and had wanted to visit the place where they were arrested as well as the museum dedicated to them.
Well, this was my moment!
I rented a bicycle and made my way around the city center, stopping briefly
at the Frauenkirche and St. Michael's Church.
My first stop was the Justizpalast Munich (Palace of Justice) to see the courtroom
where their trial took place.
It was locked when I got there, but the security guy was super nice and opened it for me.
I then made my way to the Ludwig-Maximilians-Universität München to visit The White Rose Museum.
This was very special for me, and I am so grateful to have had this opportunity.
A very meaningful experience, indeed.
Munich Day Two: Continued
My morning journey complete, I made my way into the English Garden for lunch at the Hofbräu München. I thoroughly enjoyed my meal of wurst, fries, coke,
and apfel strudel.
My meal complete and my tummy satisfied, I rode my bike around some more through the garden until I found the surfers at the Eisbachwelle. They were so fun to watch--jumping in to catch the wave, falling off, and getting right back on again! I was definitely captivated by their skill and resilience.
My time with the surfers complete, I rode my bike around some more to find an Apotheke (pharmacy) to pick up some supplies. Seeing a park across the street, I decided to investigate. I discovered this sculpture, the Platz der Opfer des Nationalsozialismus (Place of the Victims of National Socialism).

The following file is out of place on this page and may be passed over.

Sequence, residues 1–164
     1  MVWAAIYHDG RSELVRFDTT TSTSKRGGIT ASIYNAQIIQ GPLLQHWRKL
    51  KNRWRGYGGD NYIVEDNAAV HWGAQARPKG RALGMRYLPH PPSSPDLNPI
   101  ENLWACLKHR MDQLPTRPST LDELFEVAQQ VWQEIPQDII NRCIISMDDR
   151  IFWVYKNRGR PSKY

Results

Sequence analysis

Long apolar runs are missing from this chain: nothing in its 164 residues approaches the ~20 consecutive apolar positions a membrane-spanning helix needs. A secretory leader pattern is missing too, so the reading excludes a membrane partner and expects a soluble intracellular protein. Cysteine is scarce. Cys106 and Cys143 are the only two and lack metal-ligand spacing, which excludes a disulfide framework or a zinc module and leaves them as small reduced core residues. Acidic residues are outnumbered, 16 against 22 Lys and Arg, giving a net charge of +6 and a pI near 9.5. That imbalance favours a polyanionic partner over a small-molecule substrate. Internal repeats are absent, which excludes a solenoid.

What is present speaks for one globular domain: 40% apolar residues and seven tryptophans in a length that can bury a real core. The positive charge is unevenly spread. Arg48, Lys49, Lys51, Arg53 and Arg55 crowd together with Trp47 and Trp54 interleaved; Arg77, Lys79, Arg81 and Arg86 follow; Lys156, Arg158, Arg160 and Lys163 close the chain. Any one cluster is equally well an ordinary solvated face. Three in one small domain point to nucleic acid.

Statue dedicated to the Bavarian Army.
As I was cycling around Munich city center, I decided to stop at H&M to look for a tank top and maybe some leggings or shorts. You know...like I do :)
While I pulled up and locked my bike to a pole, it started to rain.
I stayed inside, browsing each of the 4 floors, eyeing all of the possibilities, waiting for the rain to lift. By the time I checked out, the rain had lifted only a little, but I needed to return my bike.
So I took a deep breath and headed out of the store.
I now think of myself as a temporary Münchnerin (Munich local), having experienced riding all around town, dodging traffic, and pedestrians (who don't quite know how to walk in the walking lanes--mainly just the tourists!), and riding my bike...holding a bag...in the rain.
Probably not something I would do at home.
But something I'm glad I experienced here!
*Grab yourself a pretzel and enjoy the classic goodness of this German specialty!
*Be ready for anything! Go with the flow...experience the uncomfortable and the things you would normally say,
"no way--I'm not riding my bike in the rain" to. :D
Hover or click the pictures to view descriptions and see them larger.
My Favorite Munich Things!
Hotel Isator - Our hotel while in Munich. Very nice, quiet, and close to all the major sites.
Felderrnhalle on Odeonsplatz - A monument to the Bavarian Army. Also the site of Hitler's 1923 Beer Hall Putsch. During the war, it was also a parade grounds for the Nazi Army.
Mike's Bike Tours - Rented my bike here. They have a Rick Steves' discount! The guy there was great, offering advice and directions before I joined the many local cyclists in town.